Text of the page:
Global Volatility and Trade Wars. Is this the start of a market correction or déjà vu?

In the last year and a half, quite often the market environment and the whipsaw approach to the index fluctuations have led me to think of the movie “Groundhog Day”. Investors seem to be repeating their buying/selling behaviour over and over with very little underlying economic rationale.

Market returns over the first half of 2019 were up, but they were not universally so. There appears to be a movement towards sectors such as Utilities and Telecoms which investors expect will benefit during a declining rate environment. In addition, given the heightened volatility, investors are looking to invest in companies they hope will minimize their exposure to the downside.  The broader market however is merely treading water at this halfway point in the year with most of the returns being dividend led. It seems thus far in 2019 volatility is the adjective that would perfectly describe the existing market conditions.

There are also two major variables in the global geopolitical space which are contributing to increased volatility in the capital markets. The first is the China – US trade conflict, which increasingly looks like a game of chicken where there will be no clear winner while producing global economic collateral damage. The likelihood of a recession being caused or exacerbated by these trade tensions becomes more likely with each passing day.

The tariff increases will have an impact on global GDP affecting the US to a relatively minor extent while estimates indicate there will be a more significant impact on the Chinese economy. This has caused uncertainty for markets in the longer term, given the Chinese do not have alternative export markets to rival the US in volume and variety of goods and it will take time to repivot the US supply chain.

The second variable is the activity in the Strait of Hormuz where the US and Saudi Arabia have accused Iran of launching attacks against commercial oil tankers and a US drone resulting in US sanctions against high ranking individuals in the Iranian government including the head of state. These mounting tensions between the US and Iran could interrupt oil supply as it’s estimated 20% of all global oil moves through the Strait. The resulting boost in oil prices would be good for Canada if Canada could only resolve its stalemate on pipelines.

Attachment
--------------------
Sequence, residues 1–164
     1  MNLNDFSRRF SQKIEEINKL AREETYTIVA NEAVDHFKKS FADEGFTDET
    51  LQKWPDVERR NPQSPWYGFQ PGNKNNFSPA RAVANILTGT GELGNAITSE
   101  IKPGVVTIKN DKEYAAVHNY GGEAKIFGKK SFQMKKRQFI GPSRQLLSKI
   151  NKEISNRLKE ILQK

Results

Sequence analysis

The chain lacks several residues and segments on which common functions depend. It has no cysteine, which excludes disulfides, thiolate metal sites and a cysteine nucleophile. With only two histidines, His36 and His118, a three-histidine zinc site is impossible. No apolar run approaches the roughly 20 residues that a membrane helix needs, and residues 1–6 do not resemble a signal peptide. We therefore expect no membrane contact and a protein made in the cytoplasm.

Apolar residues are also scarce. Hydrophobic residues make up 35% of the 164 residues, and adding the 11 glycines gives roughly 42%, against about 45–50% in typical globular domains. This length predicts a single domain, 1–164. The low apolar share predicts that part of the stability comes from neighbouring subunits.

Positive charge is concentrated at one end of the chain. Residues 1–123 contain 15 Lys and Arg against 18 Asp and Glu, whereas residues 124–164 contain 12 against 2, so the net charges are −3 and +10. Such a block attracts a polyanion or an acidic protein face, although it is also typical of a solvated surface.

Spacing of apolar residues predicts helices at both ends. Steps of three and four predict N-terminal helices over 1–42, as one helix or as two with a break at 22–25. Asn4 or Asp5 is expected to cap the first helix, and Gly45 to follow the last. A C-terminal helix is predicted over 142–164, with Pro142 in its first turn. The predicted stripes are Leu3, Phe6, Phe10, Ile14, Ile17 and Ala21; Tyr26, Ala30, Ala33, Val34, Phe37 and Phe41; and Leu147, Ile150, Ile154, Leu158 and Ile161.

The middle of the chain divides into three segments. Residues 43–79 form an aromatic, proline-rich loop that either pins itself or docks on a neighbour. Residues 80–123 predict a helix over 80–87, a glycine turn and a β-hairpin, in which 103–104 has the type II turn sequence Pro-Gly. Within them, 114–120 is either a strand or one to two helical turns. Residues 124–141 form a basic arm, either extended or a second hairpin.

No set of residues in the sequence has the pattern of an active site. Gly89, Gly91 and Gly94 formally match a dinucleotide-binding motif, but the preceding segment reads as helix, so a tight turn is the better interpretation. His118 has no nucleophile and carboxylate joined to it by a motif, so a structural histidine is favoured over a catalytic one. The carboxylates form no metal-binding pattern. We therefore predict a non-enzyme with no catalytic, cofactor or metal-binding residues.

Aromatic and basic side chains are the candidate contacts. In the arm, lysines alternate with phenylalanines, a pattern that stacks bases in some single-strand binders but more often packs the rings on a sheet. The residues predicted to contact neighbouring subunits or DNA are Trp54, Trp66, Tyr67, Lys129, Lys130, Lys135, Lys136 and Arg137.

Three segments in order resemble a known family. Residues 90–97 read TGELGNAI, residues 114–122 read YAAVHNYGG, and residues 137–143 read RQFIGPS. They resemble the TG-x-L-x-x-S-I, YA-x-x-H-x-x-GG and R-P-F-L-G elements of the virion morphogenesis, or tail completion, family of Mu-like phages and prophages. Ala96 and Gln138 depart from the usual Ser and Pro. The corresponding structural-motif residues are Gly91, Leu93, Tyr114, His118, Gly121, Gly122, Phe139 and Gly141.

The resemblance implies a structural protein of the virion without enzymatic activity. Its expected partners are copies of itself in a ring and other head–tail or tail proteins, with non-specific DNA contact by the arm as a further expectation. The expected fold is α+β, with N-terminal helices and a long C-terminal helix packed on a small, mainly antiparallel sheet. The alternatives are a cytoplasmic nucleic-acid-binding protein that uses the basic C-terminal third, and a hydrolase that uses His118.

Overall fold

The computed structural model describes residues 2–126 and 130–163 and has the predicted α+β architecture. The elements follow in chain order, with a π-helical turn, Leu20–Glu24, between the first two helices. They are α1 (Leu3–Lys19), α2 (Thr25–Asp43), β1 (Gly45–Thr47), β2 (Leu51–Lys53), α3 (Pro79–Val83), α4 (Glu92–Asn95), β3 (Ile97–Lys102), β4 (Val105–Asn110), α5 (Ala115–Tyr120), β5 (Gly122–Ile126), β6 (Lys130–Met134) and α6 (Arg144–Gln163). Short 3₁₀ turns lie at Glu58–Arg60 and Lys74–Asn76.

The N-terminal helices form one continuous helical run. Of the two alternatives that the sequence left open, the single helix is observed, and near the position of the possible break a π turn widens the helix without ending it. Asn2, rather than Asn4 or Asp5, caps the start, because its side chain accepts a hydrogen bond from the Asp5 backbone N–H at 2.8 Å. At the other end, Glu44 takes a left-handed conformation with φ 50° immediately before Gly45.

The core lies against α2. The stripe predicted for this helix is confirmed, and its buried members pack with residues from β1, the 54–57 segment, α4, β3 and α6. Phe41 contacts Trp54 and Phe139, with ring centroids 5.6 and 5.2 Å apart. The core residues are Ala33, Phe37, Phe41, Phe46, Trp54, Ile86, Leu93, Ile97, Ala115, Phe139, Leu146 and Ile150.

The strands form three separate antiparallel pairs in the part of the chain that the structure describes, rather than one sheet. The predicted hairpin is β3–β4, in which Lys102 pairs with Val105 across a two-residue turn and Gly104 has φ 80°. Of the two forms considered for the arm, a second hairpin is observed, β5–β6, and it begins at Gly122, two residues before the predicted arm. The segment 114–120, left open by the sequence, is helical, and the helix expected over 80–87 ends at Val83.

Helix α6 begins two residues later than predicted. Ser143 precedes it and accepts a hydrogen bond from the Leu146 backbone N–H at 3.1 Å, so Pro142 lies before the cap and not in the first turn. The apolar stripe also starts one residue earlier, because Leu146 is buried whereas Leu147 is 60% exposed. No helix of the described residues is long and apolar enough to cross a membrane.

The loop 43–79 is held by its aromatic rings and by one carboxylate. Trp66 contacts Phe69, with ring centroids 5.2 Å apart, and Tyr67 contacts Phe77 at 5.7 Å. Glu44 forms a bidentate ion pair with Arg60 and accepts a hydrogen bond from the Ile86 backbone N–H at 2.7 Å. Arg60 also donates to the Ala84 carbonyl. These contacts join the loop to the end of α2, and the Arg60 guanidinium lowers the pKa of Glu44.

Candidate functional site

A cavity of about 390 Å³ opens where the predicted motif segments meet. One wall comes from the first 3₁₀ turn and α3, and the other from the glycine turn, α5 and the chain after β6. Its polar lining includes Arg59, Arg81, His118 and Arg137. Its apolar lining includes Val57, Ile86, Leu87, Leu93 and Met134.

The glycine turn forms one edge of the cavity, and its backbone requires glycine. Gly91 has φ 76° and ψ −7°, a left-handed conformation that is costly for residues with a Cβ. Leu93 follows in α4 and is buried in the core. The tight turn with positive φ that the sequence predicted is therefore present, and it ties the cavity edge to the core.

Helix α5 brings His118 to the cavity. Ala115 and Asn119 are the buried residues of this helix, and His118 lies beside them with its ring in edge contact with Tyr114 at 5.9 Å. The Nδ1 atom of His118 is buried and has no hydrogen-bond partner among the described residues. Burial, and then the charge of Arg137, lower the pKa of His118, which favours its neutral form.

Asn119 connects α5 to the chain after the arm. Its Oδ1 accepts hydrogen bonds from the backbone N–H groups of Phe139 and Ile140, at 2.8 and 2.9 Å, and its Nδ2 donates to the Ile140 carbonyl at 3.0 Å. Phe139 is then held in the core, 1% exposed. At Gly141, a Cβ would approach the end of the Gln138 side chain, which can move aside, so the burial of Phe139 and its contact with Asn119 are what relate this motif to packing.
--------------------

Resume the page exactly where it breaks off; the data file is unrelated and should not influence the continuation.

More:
We continue to see the potential for a recession taking place in 2020. To this end, we are working closely with the Manulife Investment Management Asset Allocation team to review our five-year asset allocation models. This is an annual process where we identify the optimal asset allocation across multiple asset classes for a given return with the lowest risk over a long-time horizon. I anticipate this fall MPW will shift assets away from some of the more fully valued markets in favour of undervalued markets to potentially enhance returns while mitigating volatility.

In today’s market environment, while there is no way to fully prepare for a recession, we believe a combination of strong asset mix and active portfolio management is the best way to weather any potential storm.

As always should you have any changes in your time horizons or risk profile or have any questions regarding your portfolios, do not hesitate to reach out to your Investment Counsellor.

Wishing you and yours a safe and enjoyable summer.

This commentary is provided for informational purposes only and is not an endorsement of any security or sector. The opinions expressed are those of Manulife Private Wealth as of the date of writing and are subject to change. The information in this document including statements concerning financial market trends, are based on current market conditions, which will fluctuate and may be superseded by subsequent market events or for other reasons. This material does not constitute an offer or an invitation by or on behalf of Manulife Private Wealth to any person to buy or sell any security. Past performance is no indication of future results. The information and/or analysis contained in this material have been compiled or arrived at from sources believed to be reliable but Manulife Asset Management does not make any representation as to their accuracy, correctness, usefulness or completeness and does not accept liability for any loss arising from the use hereof or the information and/or analysis contained herein. Neither Manulife Private Wealth or its affiliates, nor any of their directors, officers or employees shall assume any liability or responsibility for any direct or indirect loss or damage or any other consequence of any person acting or not acting in reliance on the information contained herein. Please note that this material must not be wholly or partially reproduced. Manulife Private Wealth is a division of Manulife Investment Management Limited and Manulife Investment Management Distributors Inc. Investment services are offered by Manulife Investment Management Limited and/or Manulife Investment Management Distributors Inc. Banking services and products are offered by Manulife Bank of Canada. Wealth & Estate Services are offered by The Manufacturers Life Insurance Company. Manulife, Stylized M Design, Manulife Private Wealth, Manulife Private Wealth & Design are trademarks of The Manufacturers Life Insurance Company and are used by it, and its affiliates under license.

Glen Brown

Glen Brown, 

VP, Managing Director, Head of Manulife Private Wealth

Manulife Private Wealth

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